To permit of a still further relative angular variation of each of the ear phones 2 and 3 with reference to each other and to the head of the wearer, I arrange that the head band 1 shall be made up of the sections 30 and 31 pivoted vertically at 32 as shown in Figure 1.
It will be understood that by my invention, I provide a receiver in which the ear phones are in a sense attachments to the head band and readily separable-therefrom, and in which the means for attaching the earphones to the head band are also sepa rable means of such a character as to require no modification of the head band for the proper association of the parts. As a result of this, the parts of the receiver are readily adjustable and replaceable, and the receiver is complete with either one or two ear phones.
Having thus described my invention and illustrated its use, what I claim as new and desire tosecure by Letters Patent is the following:
1. A telephone receiver comprising a shell, diaphragm, actuating means within said shell,,a support outside of said shell and a binding means simultaneously securing said actuating means and support to said shell.
2. A telephone receiver comprising a metallic non-magnetic shell, a diaphragm actuating means within said shell, comprising a permanent magnet, pole pieces therefor, a non-magnetic support outside of said shell and a binding member securing together said shell, magnet, pole pieces and support.
3. A telephone receiver comprising a pressed out metallic non-magnetic cup, said cup at its mouth being bent so as .to provide a ledge, a diaphragm mounted on said ledge a diaphragm actuating means within said cup and means for securely holding said diaphragm in place in the ledge.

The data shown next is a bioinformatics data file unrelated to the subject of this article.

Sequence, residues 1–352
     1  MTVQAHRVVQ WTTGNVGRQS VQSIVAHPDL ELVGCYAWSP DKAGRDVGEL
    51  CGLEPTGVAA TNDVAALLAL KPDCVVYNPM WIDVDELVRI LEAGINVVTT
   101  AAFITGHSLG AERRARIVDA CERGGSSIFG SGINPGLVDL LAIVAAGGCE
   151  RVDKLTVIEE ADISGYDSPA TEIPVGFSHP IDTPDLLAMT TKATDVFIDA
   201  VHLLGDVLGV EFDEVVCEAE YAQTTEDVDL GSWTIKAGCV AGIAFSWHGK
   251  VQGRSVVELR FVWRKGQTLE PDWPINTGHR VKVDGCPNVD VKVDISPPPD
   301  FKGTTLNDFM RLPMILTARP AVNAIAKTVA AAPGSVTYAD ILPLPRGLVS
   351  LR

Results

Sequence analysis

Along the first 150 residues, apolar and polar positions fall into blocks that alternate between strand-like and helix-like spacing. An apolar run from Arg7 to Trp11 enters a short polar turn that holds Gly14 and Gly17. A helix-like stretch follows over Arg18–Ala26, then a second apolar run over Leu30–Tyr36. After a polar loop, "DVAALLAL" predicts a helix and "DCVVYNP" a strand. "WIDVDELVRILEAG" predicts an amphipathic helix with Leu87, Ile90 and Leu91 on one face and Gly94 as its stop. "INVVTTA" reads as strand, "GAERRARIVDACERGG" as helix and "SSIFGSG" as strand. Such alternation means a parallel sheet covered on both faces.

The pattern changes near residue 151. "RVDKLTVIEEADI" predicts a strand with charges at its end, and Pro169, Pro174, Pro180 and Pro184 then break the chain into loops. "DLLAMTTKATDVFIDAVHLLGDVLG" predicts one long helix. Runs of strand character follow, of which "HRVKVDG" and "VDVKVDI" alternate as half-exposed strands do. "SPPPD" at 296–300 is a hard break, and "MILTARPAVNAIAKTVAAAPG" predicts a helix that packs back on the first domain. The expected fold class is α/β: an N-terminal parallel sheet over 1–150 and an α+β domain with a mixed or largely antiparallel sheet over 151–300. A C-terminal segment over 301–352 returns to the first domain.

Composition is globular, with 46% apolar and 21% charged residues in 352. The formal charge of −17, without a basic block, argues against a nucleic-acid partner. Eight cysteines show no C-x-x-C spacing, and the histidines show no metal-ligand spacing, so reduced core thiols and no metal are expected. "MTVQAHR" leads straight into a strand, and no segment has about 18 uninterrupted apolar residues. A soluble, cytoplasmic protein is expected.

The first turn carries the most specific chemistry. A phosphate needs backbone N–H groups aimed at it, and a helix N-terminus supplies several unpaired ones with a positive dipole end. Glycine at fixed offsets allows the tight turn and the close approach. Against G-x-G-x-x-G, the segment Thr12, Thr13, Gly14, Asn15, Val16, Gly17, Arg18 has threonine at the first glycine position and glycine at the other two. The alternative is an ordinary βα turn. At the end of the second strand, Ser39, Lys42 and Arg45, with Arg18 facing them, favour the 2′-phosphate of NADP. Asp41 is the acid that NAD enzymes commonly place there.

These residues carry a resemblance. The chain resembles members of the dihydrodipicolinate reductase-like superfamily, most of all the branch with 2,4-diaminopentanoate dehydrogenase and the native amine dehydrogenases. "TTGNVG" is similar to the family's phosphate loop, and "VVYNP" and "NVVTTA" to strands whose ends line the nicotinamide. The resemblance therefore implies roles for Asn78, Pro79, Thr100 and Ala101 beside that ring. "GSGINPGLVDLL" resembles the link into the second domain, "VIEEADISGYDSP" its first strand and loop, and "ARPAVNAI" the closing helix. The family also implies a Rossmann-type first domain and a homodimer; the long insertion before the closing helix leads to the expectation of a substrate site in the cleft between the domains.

ooaaai l. A telephone receiver comprising a metallic cup, said cup at its open end being provided with a ledge, a diaphragm resting on said ledge, means within said cup for energizing said diaphragm and an ear cap frictionally retained by said cup and'holding said diaphragm in position on said ledge.
5. A telephone receiver comprising a pressed out metallic non-magnetic cup, said cup at it mouth being bent so as to provide a ledge, a diaphragm mounted on said ledge, and means for holding said diaphragm in place comprising an ear cap sprung intothe cup and a resilient member interposed between the ear cap and the diaphragm.
6. A telephone receiver comprising a metallic cup, said cup at its open end being provided with a ledge, a diaphragm resting on said ledge, diaphragm energizing means within said cup, an ear cap sprung over said cup and an inverted saucer shaped resilient member interposed between said cap and said diaphragm to retain said diaphragm in place, said member being apertured to permit sound Waves to emanate unobstructed from said diaphragm.